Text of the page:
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Giant coercivity and high magnetic blocking temperatures for N23- radical-bridged dilanthanide complexes upon ligand dissociation.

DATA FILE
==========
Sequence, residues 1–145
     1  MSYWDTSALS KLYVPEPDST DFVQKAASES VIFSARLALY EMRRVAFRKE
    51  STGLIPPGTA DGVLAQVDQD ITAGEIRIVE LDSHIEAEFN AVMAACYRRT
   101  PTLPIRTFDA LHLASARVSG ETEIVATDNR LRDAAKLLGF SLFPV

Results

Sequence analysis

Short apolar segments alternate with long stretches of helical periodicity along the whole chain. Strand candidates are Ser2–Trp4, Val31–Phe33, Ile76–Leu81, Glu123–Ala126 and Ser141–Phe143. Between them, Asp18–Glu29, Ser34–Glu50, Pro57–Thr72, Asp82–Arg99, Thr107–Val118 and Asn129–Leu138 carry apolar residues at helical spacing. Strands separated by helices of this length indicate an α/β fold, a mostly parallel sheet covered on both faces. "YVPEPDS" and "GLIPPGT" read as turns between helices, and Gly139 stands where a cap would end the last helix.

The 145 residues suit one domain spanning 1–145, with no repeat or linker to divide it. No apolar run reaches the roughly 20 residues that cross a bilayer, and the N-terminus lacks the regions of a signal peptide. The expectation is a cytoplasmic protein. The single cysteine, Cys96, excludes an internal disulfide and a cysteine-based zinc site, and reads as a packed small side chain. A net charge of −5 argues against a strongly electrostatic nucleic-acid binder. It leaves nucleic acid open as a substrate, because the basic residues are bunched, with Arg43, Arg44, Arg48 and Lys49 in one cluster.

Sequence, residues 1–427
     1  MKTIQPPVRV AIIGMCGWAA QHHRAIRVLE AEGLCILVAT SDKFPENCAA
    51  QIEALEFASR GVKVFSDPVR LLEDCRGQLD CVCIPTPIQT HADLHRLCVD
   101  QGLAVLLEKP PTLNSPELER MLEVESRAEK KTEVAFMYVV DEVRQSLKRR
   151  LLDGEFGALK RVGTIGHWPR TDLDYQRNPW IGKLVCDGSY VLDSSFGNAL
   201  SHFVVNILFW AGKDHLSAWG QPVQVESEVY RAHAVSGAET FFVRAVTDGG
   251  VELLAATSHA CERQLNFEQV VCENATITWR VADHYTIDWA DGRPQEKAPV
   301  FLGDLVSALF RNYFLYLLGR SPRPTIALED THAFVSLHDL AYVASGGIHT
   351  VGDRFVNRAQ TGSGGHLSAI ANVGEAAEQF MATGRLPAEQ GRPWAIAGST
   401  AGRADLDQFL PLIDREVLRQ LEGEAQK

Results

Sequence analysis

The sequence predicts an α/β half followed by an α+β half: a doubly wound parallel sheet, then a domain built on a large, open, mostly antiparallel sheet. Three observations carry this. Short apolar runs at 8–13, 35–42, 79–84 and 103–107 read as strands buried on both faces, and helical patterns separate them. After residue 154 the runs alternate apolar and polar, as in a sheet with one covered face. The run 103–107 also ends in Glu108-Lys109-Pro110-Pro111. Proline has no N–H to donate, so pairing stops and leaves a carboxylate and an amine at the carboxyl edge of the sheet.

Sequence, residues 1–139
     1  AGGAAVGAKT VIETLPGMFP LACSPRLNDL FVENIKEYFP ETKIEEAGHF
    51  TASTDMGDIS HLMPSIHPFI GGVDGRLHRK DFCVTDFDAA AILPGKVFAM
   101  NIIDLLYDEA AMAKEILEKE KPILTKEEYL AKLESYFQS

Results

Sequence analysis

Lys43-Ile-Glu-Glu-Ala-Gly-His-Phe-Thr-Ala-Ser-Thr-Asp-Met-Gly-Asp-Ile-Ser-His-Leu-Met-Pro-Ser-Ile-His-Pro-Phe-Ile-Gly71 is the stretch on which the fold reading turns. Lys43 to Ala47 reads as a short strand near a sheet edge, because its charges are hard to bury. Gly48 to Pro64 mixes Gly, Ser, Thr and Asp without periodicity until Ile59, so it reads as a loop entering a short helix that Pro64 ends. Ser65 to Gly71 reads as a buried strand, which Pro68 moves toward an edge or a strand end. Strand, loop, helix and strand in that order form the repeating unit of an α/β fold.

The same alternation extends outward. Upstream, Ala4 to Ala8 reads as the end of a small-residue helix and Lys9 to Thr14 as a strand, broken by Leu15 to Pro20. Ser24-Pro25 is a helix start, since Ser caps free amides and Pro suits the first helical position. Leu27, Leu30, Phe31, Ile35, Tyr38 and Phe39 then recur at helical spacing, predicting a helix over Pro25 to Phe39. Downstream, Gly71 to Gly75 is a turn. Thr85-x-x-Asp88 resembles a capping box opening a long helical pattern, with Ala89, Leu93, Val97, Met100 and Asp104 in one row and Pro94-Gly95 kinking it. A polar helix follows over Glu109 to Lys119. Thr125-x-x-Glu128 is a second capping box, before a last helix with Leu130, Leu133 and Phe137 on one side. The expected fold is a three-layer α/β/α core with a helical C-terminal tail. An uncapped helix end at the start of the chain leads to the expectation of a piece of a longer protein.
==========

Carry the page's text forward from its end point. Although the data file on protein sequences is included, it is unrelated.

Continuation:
Increasing the operating temperatures of single-molecule magnets-molecules that can retain magnetic polarization in the absence of an applied field-has potential implications toward information storage and computing, and may also inform the development of new bulk magnets. Progress toward these goals relies upon the development of synthetic chemistry enabling enhancement of the thermal barrier to reversal of the magnetic moment, while suppressing alternative relaxation processes. Herein, we show that pairing the axial magnetic anisotropy enforced by tetramethylcyclopentadienyl (CpMe4H) capping ligands with strong magnetic exchange coupling provided by an N23- radical bridging ligand results in a series of dilanthanide complexes exhibiting exceptionally large magnetic hysteresis loops that persist to high temperatures. Significantly, reducing the coordination number of the metal centers appears to increase axial magnetic anisotropy, giving rise to larger magnetic relaxation barriers and 100-s magnetic blocking temperatures of up to 20 K, as observed for the complex [K(crypt-222)][(CpMe4H2Tb)2(μ-[Formula: see text])].

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